In 2006, the Tripod Complex Fire in north-central Washington State burned more than 175,000 acres – more than three times the size of Seattle. Yet while considered severe at the time, even larger wildfires in 2014, 2015 and 2021 have since dwarfed that forest fire. Research shows that severe wildfires like these were much rarer in the western USA and Canada prior to the late 20th century.
“Fire exclusion policies for much of the 20th century yielded many dense forests with largely uniform composition,” said Susan Prichard, a research scientist with the University of Washington School of Environmental and Forest Sciences. “By the turn of this century, we had mature and densely treed, multilayered forests with high fuel content – and as a result, large, destructive wildfires can ignite and spread more easily. There’s simply more to burn across large landscapes.”
Prichard, colleagues from the US Forest Service’s Pacific Northwest Research Station and consulting fire ecologist Robert Gray have created a modeling tool that will enable managers and policymakers to imagine and realize a future where such large, severe wildfires are once again rare events, even under climate change.
The tool, known as REBURN, can simulate large forest landscapes and wildfire dynamics over decades or centuries under different wildfire management strategies. The model can simulate the consequences of extinguishing all wildfires regardless of size, which was done for much of the 20th century, or of allowing certain fires to return to uninhabited areas. REBURN can also simulate conditions where more benign forest landscape dynamics have fully recovered in an area.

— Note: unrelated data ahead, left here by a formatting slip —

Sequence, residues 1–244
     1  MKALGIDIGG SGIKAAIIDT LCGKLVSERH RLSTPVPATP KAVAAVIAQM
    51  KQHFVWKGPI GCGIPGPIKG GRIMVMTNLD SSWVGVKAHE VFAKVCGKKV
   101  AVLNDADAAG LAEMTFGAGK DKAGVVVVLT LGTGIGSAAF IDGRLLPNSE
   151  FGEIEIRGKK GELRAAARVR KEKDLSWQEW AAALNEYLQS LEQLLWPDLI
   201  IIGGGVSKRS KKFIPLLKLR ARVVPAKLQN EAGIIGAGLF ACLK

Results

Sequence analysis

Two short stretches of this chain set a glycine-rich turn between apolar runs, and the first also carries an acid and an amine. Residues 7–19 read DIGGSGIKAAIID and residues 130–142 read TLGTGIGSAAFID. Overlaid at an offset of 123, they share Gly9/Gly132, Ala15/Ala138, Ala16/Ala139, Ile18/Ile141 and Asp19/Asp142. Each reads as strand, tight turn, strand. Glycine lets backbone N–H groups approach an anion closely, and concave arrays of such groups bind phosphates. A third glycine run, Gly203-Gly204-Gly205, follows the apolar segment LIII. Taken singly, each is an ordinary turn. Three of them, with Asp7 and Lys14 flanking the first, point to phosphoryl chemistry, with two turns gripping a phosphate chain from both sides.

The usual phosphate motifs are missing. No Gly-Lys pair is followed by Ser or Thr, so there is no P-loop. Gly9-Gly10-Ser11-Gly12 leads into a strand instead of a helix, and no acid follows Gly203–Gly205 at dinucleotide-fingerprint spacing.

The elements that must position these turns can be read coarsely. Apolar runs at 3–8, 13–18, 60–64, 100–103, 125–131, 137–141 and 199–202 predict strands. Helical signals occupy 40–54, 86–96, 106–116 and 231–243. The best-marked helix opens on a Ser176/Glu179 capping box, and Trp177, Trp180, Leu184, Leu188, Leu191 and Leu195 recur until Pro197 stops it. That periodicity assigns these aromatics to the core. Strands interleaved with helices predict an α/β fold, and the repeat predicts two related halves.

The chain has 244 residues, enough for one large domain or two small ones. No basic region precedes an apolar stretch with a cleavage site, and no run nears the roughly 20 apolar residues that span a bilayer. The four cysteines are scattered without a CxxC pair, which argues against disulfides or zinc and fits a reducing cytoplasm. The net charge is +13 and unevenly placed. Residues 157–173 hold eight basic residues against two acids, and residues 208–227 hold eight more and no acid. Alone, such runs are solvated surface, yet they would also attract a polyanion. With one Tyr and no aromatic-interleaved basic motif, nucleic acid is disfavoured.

In a pair of papers published June 30 and July 31 in the journal Fire Ecology, the team applied REBURN to the region in north-central Washington where the 2006 Tripod Complex Fire burned. Simulations showed that setting prescribed burns and allowing smaller wildfires to burn can yield more varied and resilient forests over time. Such forests are made up of forest condition ‘patches’ of different sizes and shapes, and all at different stages of recovery from their most recent fire. Patches that recently burned acted as ‘fences’ to the flow of fire for at least the next 5 to 15 years, preventing wildfires from spreading widely. REBURN simulations showed that a forest landscape comprising 35% to 50% fence areas had far fewer large-scale and damaging wildfires.
“We found that having a more complex forest environment – in terms of tree age, composition, density, fuel content – makes it harder for large fires to spread and become severe,” said Prichard.
Research has shown that before large-scale European colonization of the area, smaller wildfires shaped forests in north-central Washington and elsewhere in the Pacific Northwest. The Methow people and other tribes in the region actively set fires through cultural burning practices. Aerial photos show that, as recently as the 1930s, forests in north-central Washington had a ‘patchwork quilt’ structure that kept large wildfires from forming easily.
REBURN is currently being adapted to simulate forest development in the vast forests of southern British Columbia and northern California, including regions recently hit by wildfires and those culturally burned by Indigenous people. But knowing when and whether to allow a small fire to burn in an uninhabited region is no easy task, since fire managers must protect people, homes and livelihoods. The team hopes ongoing research will help refine the model and the insight it can provide to modified forest management strategies.